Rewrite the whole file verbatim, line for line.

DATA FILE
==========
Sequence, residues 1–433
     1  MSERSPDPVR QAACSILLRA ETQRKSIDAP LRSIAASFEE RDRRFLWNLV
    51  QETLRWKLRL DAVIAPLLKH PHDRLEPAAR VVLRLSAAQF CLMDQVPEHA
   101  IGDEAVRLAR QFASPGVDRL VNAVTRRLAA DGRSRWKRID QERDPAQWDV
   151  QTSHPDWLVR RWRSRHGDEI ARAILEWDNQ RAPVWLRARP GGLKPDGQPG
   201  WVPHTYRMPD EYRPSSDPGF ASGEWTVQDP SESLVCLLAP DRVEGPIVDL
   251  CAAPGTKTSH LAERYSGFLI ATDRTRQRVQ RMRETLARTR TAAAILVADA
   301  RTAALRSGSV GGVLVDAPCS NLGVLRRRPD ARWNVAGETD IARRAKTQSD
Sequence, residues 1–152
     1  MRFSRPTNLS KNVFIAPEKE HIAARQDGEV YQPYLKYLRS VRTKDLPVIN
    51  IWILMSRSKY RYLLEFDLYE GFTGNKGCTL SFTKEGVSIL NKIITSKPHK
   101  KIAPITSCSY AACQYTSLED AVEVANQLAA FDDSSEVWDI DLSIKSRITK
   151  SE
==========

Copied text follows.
Sequence, residues 1–433
     1  MSERSPDPVR QAACSILLRA ETQRKSIDAP LRSIAASFEE RDRRFLWNLV
    51  QETLRWKLRL DAVIAPLLKH PHDRLEPAAR VVLRLSAAQF CLMDQVPEHA
   101  IGDEAVRLAR QFASPGVDRL VNAVTRRLAA DGRSRWKRID QERDPAQWDV
   151  QTSHPDWLVR RWRSRHGDEI ARAILEWDNQ RAPVWLRARP GGLKPDGQPG
   201  WVPHTYRMPD EYRPSSDPGF ASGEWTVQDP SESLVCLLAP DRVEGPIVDL
   251  CAAPGTKTSH LAERYSGFLI ATDRTRQRVQ RMRETLARTR TAAAILVADA
   301  RTAALRSGSV GGVLVDAPCS NLGVLRRRPD ARWNVAGETD IARRAKTQSD
Sequence, residues 1–152
     1  MRFSRPTNLS KNVFIAPEKE HIAARQDGEV YQPYLKYLRS VRTKDLPVIN
    51  IWILMSRSKY RYLLEFDLYE GFTGNKGCTL SFTKEGVSIL NKIITSKPHK
   101  KIAPITSCSY AACQYTSLED AVEVANQLAA FDDSSEVWDI DLSIKSRITK
   151  SE